Dear diary, We finished removing the seeds from our flax crop. James and Robert John helped Father carry the flax stalks to a small creek away from our spring and pond. This creek has an area where the water flows into a small pool. This is the best spot to soak the flax so it won't poison the water we need to drink. They put the stalks into the water and piled stones on top of the stalks to keep them down in the water. We will leave the plants in the water for at least a week. The water will soften the stalks so that the bark of the plants will begin to break away from the fibers. inside.
August 24, 1821
Dear diary, Father has been checking on our flax plants every day and says they will be ready for the next step soon.
August 25, 1821
Dear diary, James was walking along the path toward Mr. Foley's cabin and met some strangers with a scout looking for a new lot where they will live. He found out that the group is known by the name of Whitton. They were also weavers from our homeland. James said that there are no women or children in the group. Their lot is just down the trail from our cabin. It is exciting to have more new people join our community.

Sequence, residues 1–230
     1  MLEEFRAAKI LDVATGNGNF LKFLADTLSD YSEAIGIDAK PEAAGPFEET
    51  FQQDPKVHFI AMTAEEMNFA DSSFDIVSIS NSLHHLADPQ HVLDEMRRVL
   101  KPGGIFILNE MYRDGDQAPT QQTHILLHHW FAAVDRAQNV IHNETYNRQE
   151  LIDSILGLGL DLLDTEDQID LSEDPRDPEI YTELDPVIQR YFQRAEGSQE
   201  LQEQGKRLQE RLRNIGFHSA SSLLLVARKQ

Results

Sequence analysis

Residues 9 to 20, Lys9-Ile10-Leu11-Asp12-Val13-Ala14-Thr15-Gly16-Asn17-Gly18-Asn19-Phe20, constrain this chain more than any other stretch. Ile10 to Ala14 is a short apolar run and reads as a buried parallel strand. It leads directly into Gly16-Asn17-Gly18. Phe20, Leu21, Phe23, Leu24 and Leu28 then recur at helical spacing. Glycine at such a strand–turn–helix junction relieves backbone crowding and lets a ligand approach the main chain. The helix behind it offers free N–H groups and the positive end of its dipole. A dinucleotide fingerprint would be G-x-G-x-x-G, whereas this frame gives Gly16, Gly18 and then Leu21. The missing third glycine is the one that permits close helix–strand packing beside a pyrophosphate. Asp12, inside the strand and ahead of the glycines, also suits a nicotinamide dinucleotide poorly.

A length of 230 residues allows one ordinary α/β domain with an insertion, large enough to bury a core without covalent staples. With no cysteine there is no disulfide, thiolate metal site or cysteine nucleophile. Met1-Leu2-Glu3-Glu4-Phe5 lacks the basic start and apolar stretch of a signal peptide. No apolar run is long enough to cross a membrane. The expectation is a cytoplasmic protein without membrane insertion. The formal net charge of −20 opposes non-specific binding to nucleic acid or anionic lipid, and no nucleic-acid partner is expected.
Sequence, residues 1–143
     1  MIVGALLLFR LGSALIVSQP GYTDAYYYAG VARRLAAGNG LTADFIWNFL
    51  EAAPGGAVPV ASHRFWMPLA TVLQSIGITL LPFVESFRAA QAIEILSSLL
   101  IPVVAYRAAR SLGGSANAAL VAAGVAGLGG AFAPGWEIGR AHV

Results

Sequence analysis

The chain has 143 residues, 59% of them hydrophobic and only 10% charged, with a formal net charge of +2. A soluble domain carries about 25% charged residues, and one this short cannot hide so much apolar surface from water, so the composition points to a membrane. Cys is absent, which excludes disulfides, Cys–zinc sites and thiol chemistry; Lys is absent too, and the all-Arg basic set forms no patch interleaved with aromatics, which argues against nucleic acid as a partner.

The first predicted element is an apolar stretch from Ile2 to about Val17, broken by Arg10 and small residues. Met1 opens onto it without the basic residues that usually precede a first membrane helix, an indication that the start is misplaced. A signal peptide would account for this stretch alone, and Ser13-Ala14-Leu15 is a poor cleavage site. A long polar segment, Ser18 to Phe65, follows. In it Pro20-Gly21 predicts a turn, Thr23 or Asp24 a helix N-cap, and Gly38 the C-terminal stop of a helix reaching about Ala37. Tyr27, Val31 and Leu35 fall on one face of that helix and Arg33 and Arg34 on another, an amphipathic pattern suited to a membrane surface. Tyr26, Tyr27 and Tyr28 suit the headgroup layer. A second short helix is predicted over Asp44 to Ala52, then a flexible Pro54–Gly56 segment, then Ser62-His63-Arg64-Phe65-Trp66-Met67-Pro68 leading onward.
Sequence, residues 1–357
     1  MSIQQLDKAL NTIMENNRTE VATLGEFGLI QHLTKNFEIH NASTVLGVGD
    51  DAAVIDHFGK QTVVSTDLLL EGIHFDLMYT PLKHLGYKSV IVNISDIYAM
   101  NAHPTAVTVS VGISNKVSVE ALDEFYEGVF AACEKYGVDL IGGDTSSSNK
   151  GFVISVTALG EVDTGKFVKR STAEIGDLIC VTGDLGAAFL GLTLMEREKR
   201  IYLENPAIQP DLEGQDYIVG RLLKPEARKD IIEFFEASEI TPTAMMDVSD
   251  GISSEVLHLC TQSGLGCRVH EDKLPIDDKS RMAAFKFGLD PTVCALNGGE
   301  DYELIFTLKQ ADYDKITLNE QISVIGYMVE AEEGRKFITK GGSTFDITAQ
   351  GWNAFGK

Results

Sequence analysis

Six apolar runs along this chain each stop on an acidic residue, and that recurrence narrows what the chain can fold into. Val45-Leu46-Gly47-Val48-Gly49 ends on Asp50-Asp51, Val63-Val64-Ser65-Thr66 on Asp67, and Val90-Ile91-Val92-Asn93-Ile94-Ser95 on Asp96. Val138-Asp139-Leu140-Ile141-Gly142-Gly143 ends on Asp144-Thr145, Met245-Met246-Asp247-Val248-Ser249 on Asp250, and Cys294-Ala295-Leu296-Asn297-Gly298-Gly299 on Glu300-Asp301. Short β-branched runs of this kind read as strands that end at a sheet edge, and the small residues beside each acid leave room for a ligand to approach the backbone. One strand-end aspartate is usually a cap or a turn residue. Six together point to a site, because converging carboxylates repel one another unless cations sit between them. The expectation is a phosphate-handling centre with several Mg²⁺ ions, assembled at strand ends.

August 30, 1821
Dear diary, Father decided today was the day to remove the flax plants from the pool of water. Robert John and James helped Father pull the stalks from the water. The whole family helped to carry the soggy stalks from the pool to a sunny spot where we could lay them down on the ground to dry. Each day we will use a stick to turn the stalks over and let the other side dry in the wind and sun.
September 4, 1821